Everyone familiar with the Kevin Brady/Paul Ryan "Blueprint" cash flow tax seems to agree that the first line of defense of the United States before a WTO Panel would be to argue that this tax is akin to VAT (Value Added Tax). Let us recall that VAT is explicitly recognized by footnote 58 of the SCM as being an indirect tax. This kind of tax is eligible for border tax adjustment and does not constitute an export subsidy (footnote 1 of the SCM).
Many observers have noted however that this kind of non-formalistic legal argument is unlikely to be accepted by a WTO Panel or the Appellate Body. The aim of this post is to suggest that this conclusion is premature.
In Boeing, the Appellate Body had to determine whether NASA and USDOD payments to Boeing for undertaking research, constituted a direct transfer of funds within the meaning of Article 1.1(a)(1)(i) of the SCM. Confronting an absence of definition of the expression “direct transfer of funds”, the Appellate Body resorted to a kind of reasoning that may be highly relevant for the cash flow tax:
We recall that, under subparagraph (i), there is a financial contribution where “a government practice involves a direct transfer of funds”. Several examples of direct transfers of funds are provided. These examples are not exhaustive. Where, as here, there are measures that have sufficient characteristics in common with one of the examples in subparagraph (i) [namely, debt-to-equity swaps] , this commonality indicates to us that the measures fall within the concept of ““direct transfers of funds” in Article 1.1(a)(1)(i).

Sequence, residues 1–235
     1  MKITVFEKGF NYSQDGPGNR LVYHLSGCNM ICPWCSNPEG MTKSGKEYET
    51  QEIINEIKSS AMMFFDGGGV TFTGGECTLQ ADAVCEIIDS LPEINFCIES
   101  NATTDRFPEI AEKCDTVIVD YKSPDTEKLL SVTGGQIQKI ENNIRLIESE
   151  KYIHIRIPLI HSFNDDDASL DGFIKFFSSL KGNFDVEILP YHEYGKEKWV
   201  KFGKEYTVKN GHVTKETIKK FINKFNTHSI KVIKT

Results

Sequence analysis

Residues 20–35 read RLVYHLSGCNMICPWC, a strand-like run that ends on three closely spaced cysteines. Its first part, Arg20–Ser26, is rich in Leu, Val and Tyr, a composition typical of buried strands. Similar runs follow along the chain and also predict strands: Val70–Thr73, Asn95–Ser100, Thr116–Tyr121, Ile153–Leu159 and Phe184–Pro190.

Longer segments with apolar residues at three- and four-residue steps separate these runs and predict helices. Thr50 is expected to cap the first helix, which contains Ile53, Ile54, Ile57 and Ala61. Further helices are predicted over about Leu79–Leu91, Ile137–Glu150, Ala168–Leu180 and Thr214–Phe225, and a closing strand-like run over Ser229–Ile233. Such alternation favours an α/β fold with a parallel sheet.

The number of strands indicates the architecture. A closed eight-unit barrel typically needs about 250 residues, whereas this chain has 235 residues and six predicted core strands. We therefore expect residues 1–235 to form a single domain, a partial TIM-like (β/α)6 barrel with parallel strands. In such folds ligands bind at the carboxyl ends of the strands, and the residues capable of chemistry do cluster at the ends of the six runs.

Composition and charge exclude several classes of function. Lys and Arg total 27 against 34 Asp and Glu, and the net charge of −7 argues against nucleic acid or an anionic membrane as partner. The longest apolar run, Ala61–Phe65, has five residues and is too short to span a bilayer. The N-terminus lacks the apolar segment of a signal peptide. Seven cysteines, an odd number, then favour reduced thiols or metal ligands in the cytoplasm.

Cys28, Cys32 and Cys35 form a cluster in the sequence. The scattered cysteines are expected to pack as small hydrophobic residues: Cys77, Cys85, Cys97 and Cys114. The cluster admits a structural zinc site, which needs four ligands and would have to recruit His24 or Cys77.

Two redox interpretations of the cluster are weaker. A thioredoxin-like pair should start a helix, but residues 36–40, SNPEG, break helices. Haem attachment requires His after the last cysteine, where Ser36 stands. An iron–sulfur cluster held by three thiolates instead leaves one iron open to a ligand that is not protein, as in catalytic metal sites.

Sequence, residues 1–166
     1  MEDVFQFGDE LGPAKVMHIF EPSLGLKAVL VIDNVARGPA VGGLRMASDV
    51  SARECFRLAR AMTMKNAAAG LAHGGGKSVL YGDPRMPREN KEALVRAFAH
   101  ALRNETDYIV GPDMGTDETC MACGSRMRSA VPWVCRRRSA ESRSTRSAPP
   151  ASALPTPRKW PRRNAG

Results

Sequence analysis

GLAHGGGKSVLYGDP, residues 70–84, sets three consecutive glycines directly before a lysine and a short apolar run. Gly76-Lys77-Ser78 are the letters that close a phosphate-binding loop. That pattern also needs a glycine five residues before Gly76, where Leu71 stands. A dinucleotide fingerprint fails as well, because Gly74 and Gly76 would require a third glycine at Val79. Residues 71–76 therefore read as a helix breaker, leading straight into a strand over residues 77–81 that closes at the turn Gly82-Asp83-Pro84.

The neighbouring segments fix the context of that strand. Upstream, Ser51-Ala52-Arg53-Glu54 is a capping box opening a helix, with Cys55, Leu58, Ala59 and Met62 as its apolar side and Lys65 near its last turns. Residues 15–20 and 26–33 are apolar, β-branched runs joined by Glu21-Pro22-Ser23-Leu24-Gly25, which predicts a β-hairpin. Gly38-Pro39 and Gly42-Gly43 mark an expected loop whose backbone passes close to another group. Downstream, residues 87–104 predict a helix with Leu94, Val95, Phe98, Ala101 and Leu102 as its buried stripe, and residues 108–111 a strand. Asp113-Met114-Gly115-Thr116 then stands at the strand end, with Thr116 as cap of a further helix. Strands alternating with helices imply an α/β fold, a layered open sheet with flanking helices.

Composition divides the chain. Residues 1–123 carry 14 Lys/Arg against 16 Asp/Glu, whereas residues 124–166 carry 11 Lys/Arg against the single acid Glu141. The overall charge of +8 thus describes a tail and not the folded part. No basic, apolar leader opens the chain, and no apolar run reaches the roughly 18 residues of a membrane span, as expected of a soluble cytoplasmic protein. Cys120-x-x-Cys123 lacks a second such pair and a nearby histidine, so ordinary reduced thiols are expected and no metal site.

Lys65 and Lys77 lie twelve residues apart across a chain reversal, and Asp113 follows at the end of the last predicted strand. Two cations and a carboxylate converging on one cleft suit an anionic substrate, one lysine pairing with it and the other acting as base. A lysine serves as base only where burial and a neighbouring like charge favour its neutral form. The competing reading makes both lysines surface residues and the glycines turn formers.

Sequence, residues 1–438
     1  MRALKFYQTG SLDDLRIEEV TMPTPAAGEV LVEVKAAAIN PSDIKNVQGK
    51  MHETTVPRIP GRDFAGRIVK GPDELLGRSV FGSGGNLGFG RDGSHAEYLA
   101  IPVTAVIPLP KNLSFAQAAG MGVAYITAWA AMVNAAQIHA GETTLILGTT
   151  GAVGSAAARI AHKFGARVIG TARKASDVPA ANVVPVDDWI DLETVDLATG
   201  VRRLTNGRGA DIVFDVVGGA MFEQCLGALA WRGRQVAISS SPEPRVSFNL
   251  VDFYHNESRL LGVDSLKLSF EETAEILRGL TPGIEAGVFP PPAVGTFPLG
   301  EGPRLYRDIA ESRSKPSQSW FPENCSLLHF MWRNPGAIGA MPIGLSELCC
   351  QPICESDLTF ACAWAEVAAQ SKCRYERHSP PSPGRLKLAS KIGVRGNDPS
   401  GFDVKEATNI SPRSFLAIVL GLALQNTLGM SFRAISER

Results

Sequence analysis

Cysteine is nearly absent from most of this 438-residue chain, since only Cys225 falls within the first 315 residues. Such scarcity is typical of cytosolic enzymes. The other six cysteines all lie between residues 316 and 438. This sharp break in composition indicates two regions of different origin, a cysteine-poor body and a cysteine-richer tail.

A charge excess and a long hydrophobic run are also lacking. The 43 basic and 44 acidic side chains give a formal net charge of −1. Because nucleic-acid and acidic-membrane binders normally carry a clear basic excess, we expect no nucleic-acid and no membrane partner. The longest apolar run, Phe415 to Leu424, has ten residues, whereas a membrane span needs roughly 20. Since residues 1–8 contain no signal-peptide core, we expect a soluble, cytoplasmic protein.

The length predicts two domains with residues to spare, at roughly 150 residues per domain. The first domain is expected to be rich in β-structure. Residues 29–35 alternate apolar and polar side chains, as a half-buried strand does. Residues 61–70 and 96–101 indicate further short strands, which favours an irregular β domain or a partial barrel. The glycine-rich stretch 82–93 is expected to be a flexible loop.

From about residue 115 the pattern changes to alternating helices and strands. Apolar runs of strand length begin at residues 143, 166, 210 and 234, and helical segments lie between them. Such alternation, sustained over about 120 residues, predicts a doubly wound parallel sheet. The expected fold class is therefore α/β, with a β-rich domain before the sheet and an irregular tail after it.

This situation is similar to what would happen in a cash flow tax case before a WTO panel. Footnote 58 of the SCM does not offer a substantive definition of an indirect tax.It offers only examples of indirect taxes and a tautological residual category based on being other than an direct tax which is itself poorly defined in the same footnote:
The term "indirect taxes" shall mean sales, excise, turnover, value added, franchise, stamp, transfer, inventory and equipment taxes, border taxes and all taxes other than direct taxes and import charges;
The Boeing precedent indicates that if the United States could present a prima facie case that the cash flow tax has "sufficient characteristics in common with” a TVA tax, it could prevail. In other words, when confronted with an absence (or poor) definition of a category, the Boeing precedent shows that the Appellate Body is not allergic to non-formalistic arguments based of commonality criteria with an example provided in a list. For the Appellate Body, this method has the great advantage of avoiding to give risky abstract definitions of poorly defined categories, while nonetheless resolving the dispute at issue.